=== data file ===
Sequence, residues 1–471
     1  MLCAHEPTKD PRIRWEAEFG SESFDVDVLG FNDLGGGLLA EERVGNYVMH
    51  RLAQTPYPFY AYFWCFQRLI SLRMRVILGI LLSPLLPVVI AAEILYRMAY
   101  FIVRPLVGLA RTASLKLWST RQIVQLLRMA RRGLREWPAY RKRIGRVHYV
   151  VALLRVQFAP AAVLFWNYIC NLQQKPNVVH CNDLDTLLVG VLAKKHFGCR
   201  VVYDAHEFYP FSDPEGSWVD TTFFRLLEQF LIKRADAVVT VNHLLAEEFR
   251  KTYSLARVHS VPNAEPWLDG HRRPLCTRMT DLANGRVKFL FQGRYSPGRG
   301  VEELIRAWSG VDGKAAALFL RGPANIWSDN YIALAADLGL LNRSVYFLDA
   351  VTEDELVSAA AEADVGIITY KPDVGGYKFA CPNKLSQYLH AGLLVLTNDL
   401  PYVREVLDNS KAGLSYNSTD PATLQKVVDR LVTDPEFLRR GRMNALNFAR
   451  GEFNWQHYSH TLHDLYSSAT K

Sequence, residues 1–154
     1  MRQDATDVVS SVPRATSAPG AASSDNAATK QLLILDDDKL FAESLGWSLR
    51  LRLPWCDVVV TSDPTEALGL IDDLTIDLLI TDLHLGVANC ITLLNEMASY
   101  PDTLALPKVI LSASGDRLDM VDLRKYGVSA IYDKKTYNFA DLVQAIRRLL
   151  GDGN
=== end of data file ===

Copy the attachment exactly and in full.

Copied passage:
Sequence, residues 1–471
     1  MLCAHEPTKD PRIRWEAEFG SESFDVDVLG FNDLGGGLLA EERVGNYVMH
    51  RLAQTPYPFY AYFWCFQRLI SLRMRVILGI LLSPLLPVVI AAEILYRMAY
   101  FIVRPLVGLA RTASLKLWST RQIVQLLRMA RRGLREWPAY RKRIGRVHYV
   151  VALLRVQFAP AAVLFWNYIC NLQQKPNVVH CNDLDTLLVG VLAKKHFGCR
   201  VVYDAHEFYP FSDPEGSWVD TTFFRLLEQF LIKRADAVVT VNHLLAEEFR
   251  KTYSLARVHS VPNAEPWLDG HRRPLCTRMT DLANGRVKFL FQGRYSPGRG
   301  VEELIRAWSG VDGKAAALFL RGPANIWSDN YIALAADLGL LNRSVYFLDA
   351  VTEDELVSAA AEADVGIITY KPDVGGYKFA CPNKLSQYLH AGLLVLTNDL
   401  PYVREVLDNS KAGLSYNSTD PATLQKVVDR LVTDPEFLRR GRMNALNFAR
   451  GEFNWQHYSH TLHDLYSSAT K

Sequence, residues 1–154
     1  MRQDATDVVS SVPRATSAPG AASSDNAATK QLLILDDDKL FAESLGWSLR
    51  LRLPWCDVVV TSDPTEALGL IDDLTIDLLI TDLHLGVANC ITLLNEMASY
   101  PDTLALPKVI LSASGDRLDM VDLRKYGVSA IYDKKTYNFA DLVQAIRRLL
   151  GDGN